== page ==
An international rights group on Tuesday called Sri Lanka's report on its 26-year civil war an attempt to whitewash growing evidence of alleged government atrocities.
Two years after the conflict ended, Sri Lanka conceded for the first time this week that troops caused civilian deaths in the last months of fighting against Tamil Tiger rebels. But its war report takes no responsibility for those deaths or for any alleged violations of the rules of war, New York-based Human Rights Watch said.
"This is just the latest and glossiest effort to whitewash mounting evidence of government atrocities during the fighting," the group's Asia director, Brad Adams, said in a statement.
Sri Lanka has been under increasing international pressure to allow for an independent investigation into alleged human rights violations by both troops and rebels, which a U.N. experts panel said could amount to war crimes.
The 161-page report released Monday by the Sri Lankan Defense Ministry reverses two years of government insistence that its troops adhered to a "zero civilian casualty policy."
However, it denies allegations that troops committed rights violations and executed prisoners, and says the civilian deaths were unavoidable given the magnitude of the fighting and ruthlessness of the opponent.
It does not say how many civilians may have been killed, though the U.N. panel has said tens of thousand perished in just the last months of the war.
The report says the government was forced to go to war after unsuccessful attempts to broker peace with the independence-seeking rebels, and that its military operation followed international laws while accusing the rebels of abuses including using civilians as human shields and conscripting child soldiers.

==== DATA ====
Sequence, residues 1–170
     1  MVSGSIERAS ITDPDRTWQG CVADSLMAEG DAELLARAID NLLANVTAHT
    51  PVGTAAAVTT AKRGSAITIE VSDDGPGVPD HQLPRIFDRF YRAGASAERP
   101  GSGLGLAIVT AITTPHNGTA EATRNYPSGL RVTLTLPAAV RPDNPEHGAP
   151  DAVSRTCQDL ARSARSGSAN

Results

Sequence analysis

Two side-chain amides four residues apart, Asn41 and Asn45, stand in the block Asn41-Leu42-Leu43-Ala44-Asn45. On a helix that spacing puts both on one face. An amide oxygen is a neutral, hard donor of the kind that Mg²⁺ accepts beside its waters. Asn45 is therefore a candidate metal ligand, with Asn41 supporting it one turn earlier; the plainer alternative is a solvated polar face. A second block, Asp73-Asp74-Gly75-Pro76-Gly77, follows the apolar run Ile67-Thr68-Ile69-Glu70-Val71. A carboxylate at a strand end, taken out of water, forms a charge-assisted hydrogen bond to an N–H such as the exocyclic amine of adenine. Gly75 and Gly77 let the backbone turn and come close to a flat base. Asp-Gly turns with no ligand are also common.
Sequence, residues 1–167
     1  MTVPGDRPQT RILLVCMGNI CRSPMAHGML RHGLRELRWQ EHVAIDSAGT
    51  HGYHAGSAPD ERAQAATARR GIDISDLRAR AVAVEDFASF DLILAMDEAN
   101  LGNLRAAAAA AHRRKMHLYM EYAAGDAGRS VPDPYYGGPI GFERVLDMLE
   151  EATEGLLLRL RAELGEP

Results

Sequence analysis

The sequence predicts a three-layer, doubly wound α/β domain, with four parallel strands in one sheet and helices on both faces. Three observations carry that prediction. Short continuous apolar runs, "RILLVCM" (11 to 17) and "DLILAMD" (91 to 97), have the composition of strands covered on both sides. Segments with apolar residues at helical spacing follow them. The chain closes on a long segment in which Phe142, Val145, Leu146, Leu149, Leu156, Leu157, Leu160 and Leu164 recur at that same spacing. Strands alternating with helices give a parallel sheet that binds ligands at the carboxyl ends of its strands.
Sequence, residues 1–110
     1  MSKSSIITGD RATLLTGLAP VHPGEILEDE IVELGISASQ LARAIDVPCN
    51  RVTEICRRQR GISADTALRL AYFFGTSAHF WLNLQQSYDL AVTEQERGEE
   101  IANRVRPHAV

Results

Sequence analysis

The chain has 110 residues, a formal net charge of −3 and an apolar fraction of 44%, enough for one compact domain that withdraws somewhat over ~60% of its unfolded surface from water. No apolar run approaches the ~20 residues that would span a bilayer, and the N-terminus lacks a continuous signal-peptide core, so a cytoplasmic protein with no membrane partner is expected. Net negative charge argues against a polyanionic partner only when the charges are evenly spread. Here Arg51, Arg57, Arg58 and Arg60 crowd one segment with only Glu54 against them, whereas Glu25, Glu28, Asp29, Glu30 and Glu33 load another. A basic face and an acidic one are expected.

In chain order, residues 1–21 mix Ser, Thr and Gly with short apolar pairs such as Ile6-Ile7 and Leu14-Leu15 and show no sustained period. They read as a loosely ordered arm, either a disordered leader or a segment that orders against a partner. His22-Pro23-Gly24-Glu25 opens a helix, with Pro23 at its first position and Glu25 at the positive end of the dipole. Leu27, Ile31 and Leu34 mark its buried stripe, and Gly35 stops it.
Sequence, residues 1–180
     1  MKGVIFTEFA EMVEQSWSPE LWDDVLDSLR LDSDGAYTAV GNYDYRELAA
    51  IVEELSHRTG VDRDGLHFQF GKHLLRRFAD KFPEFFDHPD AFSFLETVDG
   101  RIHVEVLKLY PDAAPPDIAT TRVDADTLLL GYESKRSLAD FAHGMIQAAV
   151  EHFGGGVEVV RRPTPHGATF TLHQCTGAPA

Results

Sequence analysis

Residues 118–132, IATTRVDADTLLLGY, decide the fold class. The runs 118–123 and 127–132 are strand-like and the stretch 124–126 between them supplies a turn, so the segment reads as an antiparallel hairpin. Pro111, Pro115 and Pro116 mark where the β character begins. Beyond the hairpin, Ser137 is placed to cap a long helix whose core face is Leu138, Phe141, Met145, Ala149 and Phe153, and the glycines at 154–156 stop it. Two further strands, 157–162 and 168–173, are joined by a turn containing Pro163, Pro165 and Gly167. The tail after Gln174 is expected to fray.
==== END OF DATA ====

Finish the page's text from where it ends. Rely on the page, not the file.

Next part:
Human Rights Watch urged international governments to reject the "factually challenged report" and renew calls for government accountability, saying alleged rebel abuses did not justify violations by government security forces.
The government's report "is yet another feeble attempt to convince the world, despite growing evidence to the contrary, that government forces committed no crimes."
The troops are alleged to have deliberately shelled civilians in a no-fire zone, targeted hospitals and blocked food and medical aid, according to the U.N. panel.
Footage allegedly taken by front-line soldiers and aired on Britain's Channel 4 television appears to show blindfolded prisoners being shot at close range and the naked bodies of women being loaded into a tractor trailer.
Defense Secretary Gotabhaya Rajapaksa on Monday accused Channel 4 of "promoting baseless accusations whose sole purpose is to discredit Sri Lanka."
Hundreds of government supporters, including state-run media journalists, protested Tuesday in Colombo against the UK channel with placards reading "Stop Channel 4 dirty media tricks" and "Channel 4 _ Enough is enough."